"No one wants a city frozen in time, a Williamsburg on the Hudson, but neither do we want a city with no sense of time – it is essential to feel, as we walk through the streets, that some of what we see has been there before, and will be there for our children. Architecture becomes a vehicle of common experience, a way in which the generations talk to one another. It is a force of cultural continuity, a piece of our common ground as a culture."----Paul Goldberger
Whereas Lenna Hall (see "Physical Chautauqua" ) assaulted the music campus from the Palestine Avenue side, and the Garden District subdivision from the south, the Music Campus Master Plan turned this area of Chautauqua upside down with the new practice facilities.
It is ironic. Here is a music campus within Chautauqua's uniquely charming natural setting. For generations it has been distinguished by a Mozartian theme, cast in a harmony of simplicity and unpretentiousness. Suddenly, it has become a Charles Ives mess of discordant and crowded melodies; notes clutter the page, and the listener to this bold adventure never gets a rest.
Disregarding the value of the space remaining in the practice cabin area, the Board in 2005 sought to further the objective of being the best by designing "improvements" in the Music School facilities. Specifically, new facilities have been boldly thrust into a neighborhood of modest practice cabins. They muscle into this neighborhood next to McKnight Hall, and beyond it, and among them "Office Depot Hall." These very dissimilar buildings, more appropriate for a college campus, have gobbled up open space. Also, the practice cabins are being renovated, not merely to maintain them in their current state but to fit in with the emerging standard of world-class excellence that is a persistent theme on the Chautauqua website, and in its marketing literature and periodicals. Some of the cabins needed makeovers - there is no question about that - but the degree of makeover is a question.
Dubious assumptions, by way of the Idea Campaign ballyhoo, are of little help. The Institution writes in trendy style of the "symbiotic relationship between faculty, financial aid, and facilities." We are told that Chautauqua must be a "first-rate [world] summer music festival." But this begs the question.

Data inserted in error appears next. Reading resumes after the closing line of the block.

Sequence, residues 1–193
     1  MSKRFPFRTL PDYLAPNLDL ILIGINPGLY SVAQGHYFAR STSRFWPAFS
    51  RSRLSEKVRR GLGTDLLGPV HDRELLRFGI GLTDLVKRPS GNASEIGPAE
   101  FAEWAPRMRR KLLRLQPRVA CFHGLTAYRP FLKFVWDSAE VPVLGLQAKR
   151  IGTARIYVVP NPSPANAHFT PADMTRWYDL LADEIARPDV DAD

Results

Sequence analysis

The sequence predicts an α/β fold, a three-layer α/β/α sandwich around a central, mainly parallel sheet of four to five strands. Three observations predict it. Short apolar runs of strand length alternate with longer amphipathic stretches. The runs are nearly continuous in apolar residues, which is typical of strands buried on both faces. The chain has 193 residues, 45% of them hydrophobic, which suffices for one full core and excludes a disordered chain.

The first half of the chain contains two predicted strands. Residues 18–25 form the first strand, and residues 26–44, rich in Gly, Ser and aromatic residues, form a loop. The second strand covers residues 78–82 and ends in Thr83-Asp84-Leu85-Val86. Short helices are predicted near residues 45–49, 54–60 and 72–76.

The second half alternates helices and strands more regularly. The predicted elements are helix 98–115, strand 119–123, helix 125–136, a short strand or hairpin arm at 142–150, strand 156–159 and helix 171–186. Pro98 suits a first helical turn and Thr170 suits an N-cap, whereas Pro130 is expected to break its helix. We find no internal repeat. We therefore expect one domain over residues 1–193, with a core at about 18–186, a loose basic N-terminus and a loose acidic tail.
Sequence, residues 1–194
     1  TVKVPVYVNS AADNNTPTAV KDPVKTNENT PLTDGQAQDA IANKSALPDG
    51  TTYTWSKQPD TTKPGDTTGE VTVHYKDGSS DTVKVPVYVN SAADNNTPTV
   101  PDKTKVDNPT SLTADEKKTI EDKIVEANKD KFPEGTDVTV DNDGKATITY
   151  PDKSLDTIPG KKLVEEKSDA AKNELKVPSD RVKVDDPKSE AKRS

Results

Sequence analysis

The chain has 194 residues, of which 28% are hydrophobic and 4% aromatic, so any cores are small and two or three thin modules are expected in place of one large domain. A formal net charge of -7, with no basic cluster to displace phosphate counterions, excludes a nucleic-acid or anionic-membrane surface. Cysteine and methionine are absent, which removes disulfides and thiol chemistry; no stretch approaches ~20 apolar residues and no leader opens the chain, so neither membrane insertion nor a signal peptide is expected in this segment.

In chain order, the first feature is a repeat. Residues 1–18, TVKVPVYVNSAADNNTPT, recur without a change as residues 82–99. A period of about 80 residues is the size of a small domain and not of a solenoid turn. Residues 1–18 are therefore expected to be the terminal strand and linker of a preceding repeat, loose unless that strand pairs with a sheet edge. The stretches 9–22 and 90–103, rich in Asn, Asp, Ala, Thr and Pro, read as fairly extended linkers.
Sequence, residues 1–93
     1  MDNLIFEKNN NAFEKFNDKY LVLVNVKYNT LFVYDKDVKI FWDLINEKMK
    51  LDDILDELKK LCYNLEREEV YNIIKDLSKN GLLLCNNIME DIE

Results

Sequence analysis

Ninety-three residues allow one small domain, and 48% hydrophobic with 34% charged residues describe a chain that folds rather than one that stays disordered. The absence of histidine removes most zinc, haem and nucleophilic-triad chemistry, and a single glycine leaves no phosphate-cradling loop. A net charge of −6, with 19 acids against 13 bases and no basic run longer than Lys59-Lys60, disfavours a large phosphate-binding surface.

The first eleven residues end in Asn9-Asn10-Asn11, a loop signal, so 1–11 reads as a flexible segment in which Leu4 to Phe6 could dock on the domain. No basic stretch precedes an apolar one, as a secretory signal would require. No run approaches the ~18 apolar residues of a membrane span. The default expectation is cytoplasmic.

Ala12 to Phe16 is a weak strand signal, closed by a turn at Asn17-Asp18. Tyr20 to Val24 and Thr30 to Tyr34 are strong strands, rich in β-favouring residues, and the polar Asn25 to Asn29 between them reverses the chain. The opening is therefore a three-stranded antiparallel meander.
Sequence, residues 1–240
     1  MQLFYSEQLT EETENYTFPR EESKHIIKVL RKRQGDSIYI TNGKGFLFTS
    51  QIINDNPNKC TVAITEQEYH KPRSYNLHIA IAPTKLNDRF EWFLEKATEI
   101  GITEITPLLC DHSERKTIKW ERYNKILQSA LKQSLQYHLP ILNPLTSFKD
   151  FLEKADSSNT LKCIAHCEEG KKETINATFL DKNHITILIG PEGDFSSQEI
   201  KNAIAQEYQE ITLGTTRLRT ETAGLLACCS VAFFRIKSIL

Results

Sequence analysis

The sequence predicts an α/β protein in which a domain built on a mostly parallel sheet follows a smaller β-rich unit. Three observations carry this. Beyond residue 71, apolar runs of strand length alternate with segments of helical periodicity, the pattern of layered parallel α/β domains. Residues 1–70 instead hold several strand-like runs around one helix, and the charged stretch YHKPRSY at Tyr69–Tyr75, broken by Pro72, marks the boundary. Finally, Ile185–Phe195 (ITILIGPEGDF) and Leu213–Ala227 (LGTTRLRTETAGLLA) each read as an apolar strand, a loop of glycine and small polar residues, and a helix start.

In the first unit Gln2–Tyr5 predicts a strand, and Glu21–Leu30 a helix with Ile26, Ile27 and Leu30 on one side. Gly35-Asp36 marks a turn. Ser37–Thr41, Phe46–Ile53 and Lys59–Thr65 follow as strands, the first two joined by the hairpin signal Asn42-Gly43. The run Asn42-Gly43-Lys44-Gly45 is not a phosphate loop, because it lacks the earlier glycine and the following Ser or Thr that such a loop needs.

Are such oversized facilities really as important as a quality faculty? And what reporting in the Chautauquan and the Idea Campaign marketing literature do we see of the faculty improvements? Considering the money involved, is the Institution asserting that students will be drawn to Chautauqua for the facilities as much as the faculty? Somewhere in the Idea Campaign is a finding that this is so, and surely there is an argument that this is nonsense.
This turn of events sends disturbing messages: 1) money talks at Chautauqua like never before, 2) "verdant grove" is more a punch line that a reality, 3) Chautauqua likes to hear itself claim title to being a center of excellence, 4) corporate names can now be given to its facilities (unprecedented), and 5) the balance between nature, space, and facilities among the trees in the verdant grove is irrelevant.
Ask yourself: Is there any meaningful parallel between Office Depot Hall and any pre-Lenna structure on the Grounds, e.g., Alumni Hall? Can anyone point with pride to the newer structures and with a straight face put them in the same category aesthetically with the Chapel of the Good Shepard, the Athenaeum, or the Hall of Missions?
Ask yourself: Was the design of Office Depot Hall the only feasible physical form such a facility could take?